When Financial Technology (FinTech) first started to have an impact on our lives, the tech was mainly used to power the back-end of financial institutions and banks – think ATM’s as an example. However, as the capabilities have advanced, modern-day FinTech is customer focused and has completely revolutionised the way we deal with money.
It was Monday September 15th 2008 when finance giant Lehman Brothers filed for bankruptcy and kicked off one of the toughest financial crises the world has ever seen. Many people were losing jobs and homes but additionally, everyone was losing faith in the institutions which were meant to offer us financial support. That is when FinTech took centre stage.
When it started out, FinTech was thriving in the startups which were born to shake up the way big banks did business, but that has now evolved and that those same banks are adopting the tech to provide a first-class consumer focused experience.
Many existing financial institutions and banks began adopting technology by trialing digital offerings in areas where they had more capacity for risk, such as in non-core businesses or geographical areas. Retail banks have been the leaders in adopting these innovations in the US. Wells Fargo is one example. They added a predictive feature which analyses account information and customer actions to produce customised financial guidance.
As such, partnerships between financial institutions and FinTechs may prove to be a good way to combine and synergise their respective strengths. However, FinTechs in Australia are finding it difficult to initiate these partnerships. The Hayne Royal Commission found that half of the FinTechs surveyed selected ‘building partnerships with banks and other financial institutions’ as their main challenge. Start-ups are disadvantaged by legacy structures and the demand for evidence of results and prior success in implementation.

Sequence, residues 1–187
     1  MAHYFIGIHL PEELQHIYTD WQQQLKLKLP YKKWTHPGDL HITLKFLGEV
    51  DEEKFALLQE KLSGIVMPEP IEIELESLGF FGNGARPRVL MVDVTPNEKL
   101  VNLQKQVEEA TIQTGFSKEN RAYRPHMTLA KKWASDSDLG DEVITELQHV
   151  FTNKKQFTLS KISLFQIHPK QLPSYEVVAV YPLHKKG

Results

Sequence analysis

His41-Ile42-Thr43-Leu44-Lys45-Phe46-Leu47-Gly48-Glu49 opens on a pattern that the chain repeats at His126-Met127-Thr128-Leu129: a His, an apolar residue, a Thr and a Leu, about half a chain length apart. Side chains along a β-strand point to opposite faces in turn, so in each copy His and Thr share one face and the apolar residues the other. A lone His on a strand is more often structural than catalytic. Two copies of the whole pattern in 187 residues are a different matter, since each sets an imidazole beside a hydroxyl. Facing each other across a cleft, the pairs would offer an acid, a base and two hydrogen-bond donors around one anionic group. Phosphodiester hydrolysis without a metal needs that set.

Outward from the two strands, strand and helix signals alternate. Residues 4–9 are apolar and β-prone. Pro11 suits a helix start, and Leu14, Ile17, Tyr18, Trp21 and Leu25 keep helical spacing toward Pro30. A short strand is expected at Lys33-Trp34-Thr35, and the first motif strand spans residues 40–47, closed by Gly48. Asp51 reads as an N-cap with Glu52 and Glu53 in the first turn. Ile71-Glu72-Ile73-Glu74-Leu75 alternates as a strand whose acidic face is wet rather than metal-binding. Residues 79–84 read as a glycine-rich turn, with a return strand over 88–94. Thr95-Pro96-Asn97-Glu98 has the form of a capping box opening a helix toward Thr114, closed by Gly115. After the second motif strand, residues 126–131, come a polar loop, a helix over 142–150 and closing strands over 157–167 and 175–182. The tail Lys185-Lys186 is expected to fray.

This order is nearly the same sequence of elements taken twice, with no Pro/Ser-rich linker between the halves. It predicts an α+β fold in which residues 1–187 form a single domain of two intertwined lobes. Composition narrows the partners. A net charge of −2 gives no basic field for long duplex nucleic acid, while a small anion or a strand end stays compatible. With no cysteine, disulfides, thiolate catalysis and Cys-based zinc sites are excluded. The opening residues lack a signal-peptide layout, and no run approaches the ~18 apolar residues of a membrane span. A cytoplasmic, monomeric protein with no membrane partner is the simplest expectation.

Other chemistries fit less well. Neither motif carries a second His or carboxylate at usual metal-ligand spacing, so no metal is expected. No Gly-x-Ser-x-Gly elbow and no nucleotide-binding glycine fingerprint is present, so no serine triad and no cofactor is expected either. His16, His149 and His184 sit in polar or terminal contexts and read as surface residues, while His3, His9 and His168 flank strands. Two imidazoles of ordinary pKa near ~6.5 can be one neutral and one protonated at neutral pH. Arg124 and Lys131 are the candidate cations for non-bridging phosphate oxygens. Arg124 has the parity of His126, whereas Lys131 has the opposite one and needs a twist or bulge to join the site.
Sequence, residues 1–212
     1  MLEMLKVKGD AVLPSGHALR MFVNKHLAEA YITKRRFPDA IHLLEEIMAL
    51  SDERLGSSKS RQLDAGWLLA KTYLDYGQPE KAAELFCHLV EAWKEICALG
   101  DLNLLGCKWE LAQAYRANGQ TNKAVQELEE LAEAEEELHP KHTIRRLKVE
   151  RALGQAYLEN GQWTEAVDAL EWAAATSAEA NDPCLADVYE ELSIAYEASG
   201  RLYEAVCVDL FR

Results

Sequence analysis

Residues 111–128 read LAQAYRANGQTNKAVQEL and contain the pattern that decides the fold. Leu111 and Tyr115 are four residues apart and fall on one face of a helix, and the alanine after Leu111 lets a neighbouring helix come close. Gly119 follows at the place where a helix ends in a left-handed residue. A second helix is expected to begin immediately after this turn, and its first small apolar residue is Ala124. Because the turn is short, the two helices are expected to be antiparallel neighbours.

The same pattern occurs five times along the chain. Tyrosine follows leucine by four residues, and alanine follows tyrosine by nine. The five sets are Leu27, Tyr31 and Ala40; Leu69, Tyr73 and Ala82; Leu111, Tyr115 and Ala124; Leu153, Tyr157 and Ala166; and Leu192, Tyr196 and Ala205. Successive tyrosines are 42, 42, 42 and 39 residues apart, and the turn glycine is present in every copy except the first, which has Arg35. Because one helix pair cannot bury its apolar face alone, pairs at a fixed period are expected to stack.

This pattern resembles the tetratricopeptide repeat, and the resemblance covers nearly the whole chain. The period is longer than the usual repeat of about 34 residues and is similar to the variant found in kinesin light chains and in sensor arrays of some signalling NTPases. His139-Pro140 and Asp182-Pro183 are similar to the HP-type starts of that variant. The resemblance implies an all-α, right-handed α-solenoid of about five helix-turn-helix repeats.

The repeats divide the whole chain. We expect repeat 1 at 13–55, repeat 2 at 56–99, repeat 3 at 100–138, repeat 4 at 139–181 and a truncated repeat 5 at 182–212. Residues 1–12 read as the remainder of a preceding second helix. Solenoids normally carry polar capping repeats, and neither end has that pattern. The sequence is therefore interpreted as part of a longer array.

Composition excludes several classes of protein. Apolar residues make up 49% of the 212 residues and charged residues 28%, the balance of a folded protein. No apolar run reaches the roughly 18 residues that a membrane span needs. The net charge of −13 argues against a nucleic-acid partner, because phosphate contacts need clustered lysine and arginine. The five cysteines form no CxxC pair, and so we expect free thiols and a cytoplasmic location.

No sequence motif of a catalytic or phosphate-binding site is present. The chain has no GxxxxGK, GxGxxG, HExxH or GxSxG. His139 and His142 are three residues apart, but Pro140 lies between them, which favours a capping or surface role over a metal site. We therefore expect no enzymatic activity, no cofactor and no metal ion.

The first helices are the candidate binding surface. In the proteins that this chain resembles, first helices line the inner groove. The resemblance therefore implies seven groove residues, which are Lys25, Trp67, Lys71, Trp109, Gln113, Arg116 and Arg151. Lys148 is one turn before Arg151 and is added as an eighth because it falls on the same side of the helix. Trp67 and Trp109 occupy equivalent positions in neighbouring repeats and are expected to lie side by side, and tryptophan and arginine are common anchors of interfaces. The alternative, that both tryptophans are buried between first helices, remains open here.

Despite these barriers, FinTechs in Australia have the benefit of a customer base which welcomes innovation in financial service offerings. Furthermore, the Australian government aims to create a business environment where Australian FinTechs can be globally competitive and play a central role in the ‘positive transformation’ of the economy.
The below are a few examples of key financial categories to emerge through the development of FinTech.
- Digital banks or neobanks operate digitally, usually from an app. For eg. Up Bank or Xinja. This sector has also moved into insurance and lending with companies like Zuper Insurance and Athena Home Loans cutting out the middle-man and passing on the savings to consumers.
- Peer-to-peer lending; this type of lending brings together people who want to borrow money and individuals or companies who want to invest. For eg RateSetter.
- Cryptocurrency; this currency is not government regulated and only exists digitally. An eg is CoinSpot.
- Digital wallets; using near field communication (NFC) technology, contactless payments connect smart devices with banks. A well known leader in the space is Apple Pay.
- Robo advice; using Artificial Intelligence to help you manage an investment profile of exchange traded funds (EFTs) some popular eg include Stake or Raiz. And also to help you manage your personal finance for eg PocketBook.
To read about 8 FinTech movers and shakers to keep your eye on in 2019 here>> 8 FinTechs distributing the finance industry.